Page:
By nearly any measure, M&A activity in financial services (FS) was much weaker in 2022 than in 2021. The number of deals dropped 21 percent to 6,589 and total deal value fell a staggering 41 percent to $489.9 billion. Year-over-year comparisons were similarly negative for the primary FS subsectors (i.e., capital markets, banking, and insurance) and deals involving strategic and private equity players.
A macroeconomic trifecta—mounting inflation, rising interest rates, and fears of a recession—was mainly responsible for the damage. The war in Ukraine also had a negative impact on the environment for transactions, a harsh reminder that the threat of geopolitical shock is always present.
We believe the macroeconomic environment will remain the primary driver of activity in 2023. Our outlook is based on conditions changing from unfavorable in the year’s first half or so to favorable in the second half. Sentiment should improve when there’s consensus agreement that rates have peaked. This would provide deal makers and investors with the kind of all-clear signal they haven’t seen since late 2021.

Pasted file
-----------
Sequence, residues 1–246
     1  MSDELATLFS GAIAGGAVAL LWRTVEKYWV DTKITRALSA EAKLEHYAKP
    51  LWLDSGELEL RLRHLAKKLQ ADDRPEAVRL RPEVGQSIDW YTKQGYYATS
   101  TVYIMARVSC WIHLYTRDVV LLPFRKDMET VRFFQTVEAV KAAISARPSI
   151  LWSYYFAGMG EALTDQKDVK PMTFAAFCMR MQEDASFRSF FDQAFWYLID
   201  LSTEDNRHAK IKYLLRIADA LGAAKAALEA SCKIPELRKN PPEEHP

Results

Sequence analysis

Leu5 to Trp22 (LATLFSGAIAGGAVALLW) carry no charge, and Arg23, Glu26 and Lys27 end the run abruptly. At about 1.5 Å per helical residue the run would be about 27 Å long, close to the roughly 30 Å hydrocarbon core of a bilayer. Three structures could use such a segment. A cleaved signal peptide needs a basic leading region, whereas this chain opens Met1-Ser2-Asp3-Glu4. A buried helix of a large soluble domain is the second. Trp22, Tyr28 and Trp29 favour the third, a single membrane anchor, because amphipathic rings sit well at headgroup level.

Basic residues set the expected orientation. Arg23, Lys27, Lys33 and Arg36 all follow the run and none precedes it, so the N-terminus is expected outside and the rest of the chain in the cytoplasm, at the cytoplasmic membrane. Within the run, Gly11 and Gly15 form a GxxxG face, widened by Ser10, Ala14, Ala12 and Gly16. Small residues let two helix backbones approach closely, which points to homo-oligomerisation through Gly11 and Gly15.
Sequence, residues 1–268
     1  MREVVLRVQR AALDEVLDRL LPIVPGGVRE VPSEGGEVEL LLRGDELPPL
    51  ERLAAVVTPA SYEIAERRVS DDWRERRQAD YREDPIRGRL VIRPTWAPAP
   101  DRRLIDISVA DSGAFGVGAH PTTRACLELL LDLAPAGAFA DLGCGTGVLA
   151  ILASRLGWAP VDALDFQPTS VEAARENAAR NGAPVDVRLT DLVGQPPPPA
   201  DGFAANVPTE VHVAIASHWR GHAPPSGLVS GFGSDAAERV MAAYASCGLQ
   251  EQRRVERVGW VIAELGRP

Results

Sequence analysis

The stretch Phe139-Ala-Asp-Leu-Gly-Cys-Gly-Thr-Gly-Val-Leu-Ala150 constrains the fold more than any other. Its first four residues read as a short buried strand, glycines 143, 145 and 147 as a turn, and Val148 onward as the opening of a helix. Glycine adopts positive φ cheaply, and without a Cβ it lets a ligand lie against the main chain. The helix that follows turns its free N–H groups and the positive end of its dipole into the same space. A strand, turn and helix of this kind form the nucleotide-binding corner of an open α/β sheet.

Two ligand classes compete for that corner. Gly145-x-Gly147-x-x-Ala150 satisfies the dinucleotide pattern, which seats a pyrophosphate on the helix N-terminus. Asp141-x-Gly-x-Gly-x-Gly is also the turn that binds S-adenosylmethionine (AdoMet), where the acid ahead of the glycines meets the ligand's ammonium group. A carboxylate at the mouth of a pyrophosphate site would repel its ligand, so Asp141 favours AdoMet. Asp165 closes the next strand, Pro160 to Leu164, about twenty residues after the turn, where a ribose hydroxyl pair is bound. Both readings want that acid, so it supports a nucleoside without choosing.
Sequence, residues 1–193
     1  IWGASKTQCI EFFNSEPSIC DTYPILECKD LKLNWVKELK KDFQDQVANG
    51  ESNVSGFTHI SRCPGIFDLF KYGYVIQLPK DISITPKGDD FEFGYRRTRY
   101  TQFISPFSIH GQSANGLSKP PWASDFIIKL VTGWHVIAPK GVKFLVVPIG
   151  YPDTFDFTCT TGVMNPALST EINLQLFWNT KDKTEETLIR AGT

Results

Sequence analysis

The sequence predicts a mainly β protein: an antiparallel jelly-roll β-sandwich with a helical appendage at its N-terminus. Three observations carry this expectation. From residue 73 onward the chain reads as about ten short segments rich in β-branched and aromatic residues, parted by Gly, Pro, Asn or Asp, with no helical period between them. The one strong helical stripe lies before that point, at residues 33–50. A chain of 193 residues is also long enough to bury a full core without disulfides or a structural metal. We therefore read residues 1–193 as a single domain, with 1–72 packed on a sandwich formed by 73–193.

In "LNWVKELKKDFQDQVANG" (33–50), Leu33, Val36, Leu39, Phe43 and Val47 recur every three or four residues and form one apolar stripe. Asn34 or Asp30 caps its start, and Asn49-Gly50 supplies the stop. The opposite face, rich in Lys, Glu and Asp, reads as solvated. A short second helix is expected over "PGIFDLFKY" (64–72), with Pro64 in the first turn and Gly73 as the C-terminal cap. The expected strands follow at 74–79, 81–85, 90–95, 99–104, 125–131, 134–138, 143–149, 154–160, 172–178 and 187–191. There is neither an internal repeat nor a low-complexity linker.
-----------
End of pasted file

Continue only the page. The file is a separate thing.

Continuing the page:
We see no reason for the long-running FS consolidation trend to waver in 2023. The big want to get bigger, and small and midsize players must continually confront their commercial mortality. Consolidation should remain a major incentive for M&A in alternative investments, asset management, banking, fintechs, insurance carriers and distributors, insurtechs, investment banking, payments, real estate, wealth management, and more.
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